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World Open Success for Judd Trump

Judd Trump added another trophy to his glittering collection after beating Thepchaiya Un-Nooh 10-5 to claim the World Open on Sunday.

Trump didn’t quite produce the kind of scintillating form that took him to World Championship glory in May for the first time in his career.

But the world number one had more than enough in reserve to deny Un-Nooh in the title decider.

The talented Thai started poorly and although he made a late rally to retrieve a large deficit, there was never a serious challenge mounted.

After the opening couple of frames were shared, Trump rattled off breaks of 96, 78, 90, and 85 to move 5-1 in front.

That very quickly became 6-1 after Un-Nooh lost the seventh frame in controversial circumstances when he forfeited the frame courtesy of the three-miss rule.

There was some doubt about the referee’s decisions in both deeming one of Un-Nooh’s attempts as a foul and the legitimacy of it being a full ball snooker or not at all.

Regardless, Trump subsequently made a break of 64 to extend his lead to six frames and the tie looked to be as good as over.

To Un-Nooh’s credit, the Snooker Shoot Out champion battled gallantly and took the last frame of the first session on a re-spotted black.

By winning three out of the first four frames upon the evening’s resumption, Un-Nooh reduced his arrears to 5-8 down and there was a glimmer of hope again.

Last year’s World Open final produced a remarkable turnaround when Mark Williams fought back from 9-5 behind to deny David Gilbert a maiden ranking crown in a decider.

But there was to be no repeat occurrence in Yushan as Trump composed himself after the last interval.

A trademark 136 century break stylishly stopped the rot and Trump completed his 13th ranking event success with a run of 61 in what proved to be the final frame.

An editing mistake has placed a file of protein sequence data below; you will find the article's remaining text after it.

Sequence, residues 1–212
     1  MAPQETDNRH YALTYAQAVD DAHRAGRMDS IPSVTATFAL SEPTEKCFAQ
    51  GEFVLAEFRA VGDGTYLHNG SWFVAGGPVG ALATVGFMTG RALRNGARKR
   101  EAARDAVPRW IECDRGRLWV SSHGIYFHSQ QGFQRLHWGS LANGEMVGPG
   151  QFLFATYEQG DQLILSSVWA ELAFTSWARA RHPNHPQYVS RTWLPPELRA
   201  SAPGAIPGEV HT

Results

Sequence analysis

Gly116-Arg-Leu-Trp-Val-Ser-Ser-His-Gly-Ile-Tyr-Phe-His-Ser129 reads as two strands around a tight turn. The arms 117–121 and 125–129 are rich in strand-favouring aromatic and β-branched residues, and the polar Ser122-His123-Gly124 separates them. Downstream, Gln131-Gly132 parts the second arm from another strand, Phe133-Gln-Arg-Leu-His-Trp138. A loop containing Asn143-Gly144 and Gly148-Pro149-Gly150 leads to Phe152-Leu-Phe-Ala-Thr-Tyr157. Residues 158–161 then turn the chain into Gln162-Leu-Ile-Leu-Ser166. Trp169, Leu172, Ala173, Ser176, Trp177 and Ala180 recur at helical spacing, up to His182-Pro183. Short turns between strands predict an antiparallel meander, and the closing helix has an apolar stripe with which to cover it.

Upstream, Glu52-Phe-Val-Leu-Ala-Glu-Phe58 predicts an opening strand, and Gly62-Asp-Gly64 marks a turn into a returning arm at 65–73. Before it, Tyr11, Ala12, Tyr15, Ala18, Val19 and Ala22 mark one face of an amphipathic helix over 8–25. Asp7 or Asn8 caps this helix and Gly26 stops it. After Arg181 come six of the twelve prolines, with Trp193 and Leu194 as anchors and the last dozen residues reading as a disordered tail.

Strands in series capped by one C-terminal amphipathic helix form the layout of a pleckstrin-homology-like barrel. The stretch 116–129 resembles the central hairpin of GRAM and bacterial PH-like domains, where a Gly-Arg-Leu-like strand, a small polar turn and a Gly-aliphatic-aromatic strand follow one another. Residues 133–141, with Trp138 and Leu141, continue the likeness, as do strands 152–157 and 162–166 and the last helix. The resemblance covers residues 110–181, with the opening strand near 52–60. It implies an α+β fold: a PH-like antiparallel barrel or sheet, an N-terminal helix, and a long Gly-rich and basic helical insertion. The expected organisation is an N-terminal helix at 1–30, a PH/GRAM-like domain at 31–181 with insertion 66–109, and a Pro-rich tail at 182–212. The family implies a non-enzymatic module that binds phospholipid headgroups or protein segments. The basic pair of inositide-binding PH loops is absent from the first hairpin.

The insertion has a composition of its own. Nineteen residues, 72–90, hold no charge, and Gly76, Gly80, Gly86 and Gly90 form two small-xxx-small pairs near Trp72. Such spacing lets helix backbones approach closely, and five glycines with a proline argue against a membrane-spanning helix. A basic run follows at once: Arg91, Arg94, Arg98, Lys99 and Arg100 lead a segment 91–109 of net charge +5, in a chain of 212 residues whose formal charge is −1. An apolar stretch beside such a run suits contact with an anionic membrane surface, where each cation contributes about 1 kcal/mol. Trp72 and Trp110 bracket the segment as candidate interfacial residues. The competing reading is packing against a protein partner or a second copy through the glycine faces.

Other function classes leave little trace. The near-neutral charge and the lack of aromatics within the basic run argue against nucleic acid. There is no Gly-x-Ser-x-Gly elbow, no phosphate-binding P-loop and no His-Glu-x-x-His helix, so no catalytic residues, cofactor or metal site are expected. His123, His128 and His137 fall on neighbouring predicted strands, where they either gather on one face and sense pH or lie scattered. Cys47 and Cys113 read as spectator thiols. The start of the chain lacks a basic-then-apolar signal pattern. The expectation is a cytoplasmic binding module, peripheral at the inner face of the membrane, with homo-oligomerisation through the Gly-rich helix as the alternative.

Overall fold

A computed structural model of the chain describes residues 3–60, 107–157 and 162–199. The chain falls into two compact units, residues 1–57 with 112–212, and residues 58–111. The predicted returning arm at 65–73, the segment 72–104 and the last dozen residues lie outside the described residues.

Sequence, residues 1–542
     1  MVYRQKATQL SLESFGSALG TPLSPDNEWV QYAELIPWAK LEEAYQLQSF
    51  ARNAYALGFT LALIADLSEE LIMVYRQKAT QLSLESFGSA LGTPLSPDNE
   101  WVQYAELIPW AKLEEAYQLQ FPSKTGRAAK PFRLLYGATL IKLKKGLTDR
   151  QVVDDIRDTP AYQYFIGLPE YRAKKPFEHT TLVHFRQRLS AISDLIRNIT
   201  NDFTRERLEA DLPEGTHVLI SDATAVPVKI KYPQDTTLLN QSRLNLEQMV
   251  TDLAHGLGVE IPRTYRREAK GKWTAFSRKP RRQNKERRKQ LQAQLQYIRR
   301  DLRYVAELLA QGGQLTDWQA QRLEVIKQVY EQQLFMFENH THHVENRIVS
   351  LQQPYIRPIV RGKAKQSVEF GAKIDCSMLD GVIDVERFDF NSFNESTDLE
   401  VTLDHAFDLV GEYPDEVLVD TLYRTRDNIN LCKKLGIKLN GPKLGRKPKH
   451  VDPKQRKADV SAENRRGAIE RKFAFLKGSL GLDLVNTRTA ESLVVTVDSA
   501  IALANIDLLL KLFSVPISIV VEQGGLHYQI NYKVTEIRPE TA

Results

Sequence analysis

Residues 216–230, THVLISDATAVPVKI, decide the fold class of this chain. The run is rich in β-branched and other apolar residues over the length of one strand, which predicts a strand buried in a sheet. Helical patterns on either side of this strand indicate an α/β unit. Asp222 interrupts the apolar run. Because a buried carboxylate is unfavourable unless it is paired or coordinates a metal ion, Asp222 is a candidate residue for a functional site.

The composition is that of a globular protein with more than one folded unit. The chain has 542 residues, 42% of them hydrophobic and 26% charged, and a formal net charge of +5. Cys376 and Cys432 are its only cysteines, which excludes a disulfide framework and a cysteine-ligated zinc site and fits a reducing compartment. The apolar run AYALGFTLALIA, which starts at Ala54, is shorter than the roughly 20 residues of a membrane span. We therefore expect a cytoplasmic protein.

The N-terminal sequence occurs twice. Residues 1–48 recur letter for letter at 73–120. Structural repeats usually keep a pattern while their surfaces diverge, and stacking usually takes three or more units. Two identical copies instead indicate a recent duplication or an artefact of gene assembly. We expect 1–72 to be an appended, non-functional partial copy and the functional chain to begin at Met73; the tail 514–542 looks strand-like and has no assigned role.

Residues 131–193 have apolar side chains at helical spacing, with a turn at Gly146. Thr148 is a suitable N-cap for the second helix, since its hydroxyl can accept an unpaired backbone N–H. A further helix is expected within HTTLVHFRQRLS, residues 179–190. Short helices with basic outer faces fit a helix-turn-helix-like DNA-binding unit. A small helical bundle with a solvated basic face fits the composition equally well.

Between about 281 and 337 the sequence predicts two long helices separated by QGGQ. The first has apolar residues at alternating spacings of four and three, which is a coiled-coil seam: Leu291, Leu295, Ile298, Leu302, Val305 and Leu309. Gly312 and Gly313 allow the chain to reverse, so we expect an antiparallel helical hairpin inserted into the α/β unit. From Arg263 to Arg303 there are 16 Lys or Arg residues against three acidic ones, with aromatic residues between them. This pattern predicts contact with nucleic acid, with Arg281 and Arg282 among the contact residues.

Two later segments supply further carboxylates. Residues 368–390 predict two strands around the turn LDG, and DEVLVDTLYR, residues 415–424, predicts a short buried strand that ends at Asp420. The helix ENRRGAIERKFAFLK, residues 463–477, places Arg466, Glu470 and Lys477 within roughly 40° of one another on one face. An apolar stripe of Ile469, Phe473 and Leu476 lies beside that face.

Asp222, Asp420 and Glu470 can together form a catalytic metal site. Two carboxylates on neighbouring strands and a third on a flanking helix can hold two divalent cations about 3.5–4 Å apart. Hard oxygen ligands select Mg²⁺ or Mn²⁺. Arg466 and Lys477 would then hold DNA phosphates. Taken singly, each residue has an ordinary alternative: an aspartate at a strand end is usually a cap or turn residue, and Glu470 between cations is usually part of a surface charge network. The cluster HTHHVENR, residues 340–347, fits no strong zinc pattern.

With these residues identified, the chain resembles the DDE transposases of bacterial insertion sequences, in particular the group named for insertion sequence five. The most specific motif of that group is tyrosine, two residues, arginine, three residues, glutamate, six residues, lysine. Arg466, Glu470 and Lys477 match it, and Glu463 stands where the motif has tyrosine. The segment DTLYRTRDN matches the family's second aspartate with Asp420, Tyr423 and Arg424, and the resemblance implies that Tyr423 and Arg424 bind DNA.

The £150,000 champion’s cheque sees Trump extend his lead at the top of the world rankings list, a position he returned to earlier in the campaign en route to claiming the International Championship in Daqing.

China has certainly been a happy stomping ground for the 30 year-old this term and, of course, it’s in this country where it all began when he announced himself on the big stage by capturing the 2011 China Open in Beijing.

Since then, Trump has had numerous ups and downs but the “Juddernaut” has never before soared to these kinds of heights.

First time world champions often struggle the season after their glory at the Crucible Theatre but the opposite appears to be the case in his case.

There had been a lot of pressure on Trump’s shoulders to win in Sheffield and all that seems to have been evaporated as he finally demonstrates the kind of consistency that his talent merits.

Trump escaped from a hat-trick of deciding frame thrillers this week in the World Open, underlining an increasing prowess for getting the job done when his back is against the wall.

Jet lag might prove to be an issue but the Englishman will head to the upcoming Champion of Champions as the man to beat.

For Un-Nooh, it was a disappointing climax to an otherwise terrific fortnight.

The 2008 world amateur champion triumphed in last week’s Haining Open, an invitational competition, and picked up a runners-up cheque worth £75,000 that stands as the biggest ever won by a Thai player on the Main Tour.

Un-Nooh’s pedigree is obvious and he is edging closer to a possible place in the top 16, when he’ll really be able to consider himself a member of the elite.

Trump, though, is among the highest echelons and this World Open victory only serves to remind us all of that fact.